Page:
• Pack your most valuable items in the front of the cargo area. This will make it tougher for thieves to get to them if they break into the truck. See “lock up” below. Load that queen or king size mattress set last and pack it standing up blocking the entire rear door. That way if someone does break into the truck, they’ll be faced with moving 200 pounds of mattresses just to see what’s inside. Now that would be much more suspicious if a passer-by saw a mattress thrown on top of your car or the ground…hard to ignore that one. At least there’s a chance they’d be caught or you’d know about soon after it happened rather than hours later the next morning.

Preparing for Your Trip

Besides packing and loading, you can do a few additional things to make your long-distance travel a better experience.

  • Clean and air out the cab. I’m not talking a full interior detail, but our truck was dirty, grimy, trash under the seat, sticky surfaces, and smelled of cigarette smoke. If you’re going to spend 40 hours in this thing, at least spend a 30 minutes cleaning it up a bit…before you leave.
  • Important! Best advice ever. Clean the exterior windshield and put a coat of Rain-X (or similar) protectant on it. You’ll be very grateful the first rainstorm you hit, and even more thankful when you see the millions of bugs you hit just bounce off and not smear everything. Cleanup at the gas stations will be a breeze.
  • DO NOT plan on a third passenger, no matter how much your six-year-old begs you. The third seat is impossibly uncomfortable, and occupying it would eliminate all your space for a cooler and other items you’ll need. Don’t even think about a dog either. That would be inhumane and you should be arrested for trying to bring a dog in a U-Haul across the country. (See below about the floor and center console.)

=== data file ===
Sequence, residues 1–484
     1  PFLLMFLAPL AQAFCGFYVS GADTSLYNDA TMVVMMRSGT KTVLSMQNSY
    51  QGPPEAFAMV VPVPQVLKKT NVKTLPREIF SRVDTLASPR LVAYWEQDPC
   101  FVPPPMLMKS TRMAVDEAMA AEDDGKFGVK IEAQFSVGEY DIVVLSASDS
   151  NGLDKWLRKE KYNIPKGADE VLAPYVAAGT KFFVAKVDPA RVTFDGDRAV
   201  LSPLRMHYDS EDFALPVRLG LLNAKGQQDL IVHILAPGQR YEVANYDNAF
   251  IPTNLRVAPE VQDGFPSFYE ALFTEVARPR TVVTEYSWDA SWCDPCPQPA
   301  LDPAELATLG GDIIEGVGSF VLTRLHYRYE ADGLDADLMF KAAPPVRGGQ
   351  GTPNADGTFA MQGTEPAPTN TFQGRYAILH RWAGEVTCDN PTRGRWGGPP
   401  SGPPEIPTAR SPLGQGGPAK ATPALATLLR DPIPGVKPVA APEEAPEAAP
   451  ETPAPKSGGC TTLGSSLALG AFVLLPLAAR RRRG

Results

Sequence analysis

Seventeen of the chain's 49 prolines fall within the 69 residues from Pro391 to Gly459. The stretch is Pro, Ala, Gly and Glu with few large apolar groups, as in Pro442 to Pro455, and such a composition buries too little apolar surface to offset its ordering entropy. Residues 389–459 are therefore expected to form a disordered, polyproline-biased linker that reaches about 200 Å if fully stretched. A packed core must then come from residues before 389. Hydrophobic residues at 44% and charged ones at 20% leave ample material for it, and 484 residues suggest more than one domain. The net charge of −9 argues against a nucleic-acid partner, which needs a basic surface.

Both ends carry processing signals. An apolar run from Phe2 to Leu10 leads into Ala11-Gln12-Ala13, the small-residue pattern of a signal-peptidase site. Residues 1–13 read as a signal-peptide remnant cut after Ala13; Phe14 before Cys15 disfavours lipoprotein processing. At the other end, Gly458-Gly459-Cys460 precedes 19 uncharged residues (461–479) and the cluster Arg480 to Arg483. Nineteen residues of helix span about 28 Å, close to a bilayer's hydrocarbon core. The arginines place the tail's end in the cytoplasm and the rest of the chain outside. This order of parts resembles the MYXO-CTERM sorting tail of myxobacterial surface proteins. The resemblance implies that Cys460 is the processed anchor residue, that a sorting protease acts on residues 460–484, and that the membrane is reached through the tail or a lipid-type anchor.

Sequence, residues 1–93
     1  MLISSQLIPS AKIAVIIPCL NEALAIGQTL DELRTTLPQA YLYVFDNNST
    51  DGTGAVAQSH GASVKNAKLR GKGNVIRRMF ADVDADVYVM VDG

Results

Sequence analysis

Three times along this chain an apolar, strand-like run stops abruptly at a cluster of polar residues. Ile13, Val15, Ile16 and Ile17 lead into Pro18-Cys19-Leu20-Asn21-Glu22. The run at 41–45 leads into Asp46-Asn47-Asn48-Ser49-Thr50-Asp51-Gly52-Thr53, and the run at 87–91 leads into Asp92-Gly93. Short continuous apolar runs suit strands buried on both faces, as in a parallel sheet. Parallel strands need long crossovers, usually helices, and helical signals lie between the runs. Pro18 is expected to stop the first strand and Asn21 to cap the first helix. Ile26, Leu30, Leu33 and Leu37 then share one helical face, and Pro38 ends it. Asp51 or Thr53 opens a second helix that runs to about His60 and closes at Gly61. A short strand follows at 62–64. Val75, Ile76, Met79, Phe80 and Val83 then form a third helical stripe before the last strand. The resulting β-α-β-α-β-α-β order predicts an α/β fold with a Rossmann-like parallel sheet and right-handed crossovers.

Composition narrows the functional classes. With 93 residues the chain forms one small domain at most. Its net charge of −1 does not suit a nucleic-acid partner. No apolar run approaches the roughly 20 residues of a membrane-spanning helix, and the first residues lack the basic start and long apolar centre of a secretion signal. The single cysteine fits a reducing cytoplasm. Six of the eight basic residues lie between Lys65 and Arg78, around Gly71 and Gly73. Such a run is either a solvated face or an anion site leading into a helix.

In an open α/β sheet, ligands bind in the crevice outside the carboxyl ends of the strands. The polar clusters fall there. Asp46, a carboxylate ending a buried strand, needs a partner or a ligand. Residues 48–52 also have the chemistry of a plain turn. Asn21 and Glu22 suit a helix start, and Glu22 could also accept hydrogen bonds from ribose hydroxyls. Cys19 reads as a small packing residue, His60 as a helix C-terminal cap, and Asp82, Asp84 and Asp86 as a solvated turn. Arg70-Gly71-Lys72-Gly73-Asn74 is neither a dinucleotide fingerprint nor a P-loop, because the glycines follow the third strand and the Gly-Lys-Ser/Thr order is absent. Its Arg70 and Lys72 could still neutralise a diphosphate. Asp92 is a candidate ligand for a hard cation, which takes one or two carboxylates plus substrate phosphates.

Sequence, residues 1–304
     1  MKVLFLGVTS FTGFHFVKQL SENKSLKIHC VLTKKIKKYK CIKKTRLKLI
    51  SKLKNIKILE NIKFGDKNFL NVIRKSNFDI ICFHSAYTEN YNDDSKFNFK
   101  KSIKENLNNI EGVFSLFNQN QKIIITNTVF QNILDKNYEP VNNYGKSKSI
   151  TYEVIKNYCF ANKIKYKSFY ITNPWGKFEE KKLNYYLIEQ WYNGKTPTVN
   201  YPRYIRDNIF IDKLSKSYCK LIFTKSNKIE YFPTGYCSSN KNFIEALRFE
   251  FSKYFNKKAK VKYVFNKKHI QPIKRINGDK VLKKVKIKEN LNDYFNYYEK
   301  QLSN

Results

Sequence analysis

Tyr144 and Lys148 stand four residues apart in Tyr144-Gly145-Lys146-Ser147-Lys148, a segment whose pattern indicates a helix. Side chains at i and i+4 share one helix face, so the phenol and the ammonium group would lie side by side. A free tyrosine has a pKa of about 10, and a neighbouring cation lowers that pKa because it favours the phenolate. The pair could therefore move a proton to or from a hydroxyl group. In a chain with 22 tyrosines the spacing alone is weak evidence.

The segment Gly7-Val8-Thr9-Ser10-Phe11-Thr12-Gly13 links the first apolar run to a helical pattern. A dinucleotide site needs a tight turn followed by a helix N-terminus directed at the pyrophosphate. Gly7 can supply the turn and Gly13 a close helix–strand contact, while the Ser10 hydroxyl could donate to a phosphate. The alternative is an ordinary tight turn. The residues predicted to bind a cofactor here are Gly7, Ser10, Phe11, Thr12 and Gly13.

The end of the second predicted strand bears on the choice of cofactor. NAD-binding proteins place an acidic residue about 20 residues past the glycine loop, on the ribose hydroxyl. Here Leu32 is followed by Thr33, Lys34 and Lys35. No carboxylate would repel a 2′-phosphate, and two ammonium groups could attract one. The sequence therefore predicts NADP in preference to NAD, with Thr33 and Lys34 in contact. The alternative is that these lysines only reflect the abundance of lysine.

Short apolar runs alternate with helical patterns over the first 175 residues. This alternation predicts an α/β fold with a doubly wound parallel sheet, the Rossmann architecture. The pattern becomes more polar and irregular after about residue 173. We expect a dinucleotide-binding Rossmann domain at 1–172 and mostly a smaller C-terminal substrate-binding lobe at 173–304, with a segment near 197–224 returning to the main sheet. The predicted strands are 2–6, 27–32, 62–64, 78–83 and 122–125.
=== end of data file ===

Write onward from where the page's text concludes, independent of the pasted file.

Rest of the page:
• Bring along a portable bluetooth speaker for a sound system. Our truck didn’t even have a 3.5mm input jack. We could at least listen to our own music at a much higher quality than the stock AM radio that these trucks have.
  • Bring a fire extinguisher. I’m surprised that U-Haul doesn’t provide one and also that state laws don’t require one. I’ve heard numerous stories about people losing their entire personal possessions to a fire in the back. We took special precautions not to pack anything that is considered "highly combustible." It’s not flammability that you need to be concerned with, it’s combustibility. Hauling anything with a flashpoint below 100 degrees Fahrenheit is a bad idea. Try googling "highly combustible materials" to get more informed. Either way, I highly recommend bringing a fire extinguisher and putting it in the cab where you and your passenger can get to it quickly.
  • Lockup: U-Haul’s are a huge target for thieves. When you think about it, you have almost everything you own in the back, some of it bulky and not worth stealing and other items like computers, TVs, cameras, etc., are all waiting for someone to steal them. When you’ve parked it in a dark lot possibly further away from the hotel, all that’s sitting between you and the thieves is a cheap lock. So what we did was buy the largest thickest lock possible with the smallest shackle to be exposed. (Note that the disc locks won’t work as their shackle is long enough, but the body is not deep enough.) We also used a 10-foot-long, high-quality cable lock (from Yakima), and intertwined it with the door handles, retractor cable, cargo lock, and the trailer. I’m sure a thief could still get in, but at least it would take another 10 minutes of malicious intention. Plus your most precious valuables are deep inside the cargo area, right?

On the Road

  • Expect that you cannot have a decent conversation for your entire trip. The decibels of road and engine noise will drown out everything you try to communicate. This sounds silly, but maybe I should have invested in a radio communication set like the ones they have in helicopters? This part is ridiculous, and I believe that for maybe $1,500 tops that U-Haul could upgrade their cabs with a sound insulation package. I’m sure the big rigs on the road and even a Kia Soul with the windows down are much quieter than a U-Haul truck’s cab.
  • Expect that you cannot do the speed limit in most states. This is by design of the truck, not specifically a U-Haul thing. They are boxy wind catchers, not built for speed. So if your GPS says it will take 32 hours, expect that it will take 42 hours (or about 30% longer). Our truck started shimmying and the steering got very loose at 68 mph. So best to expect to do a max of 65 mph, and maybe 70 mph downhill. Although, the Tow/Haul mode will downshift to keep you from getting crazy with the speed…it’s a good feature, in my opinion.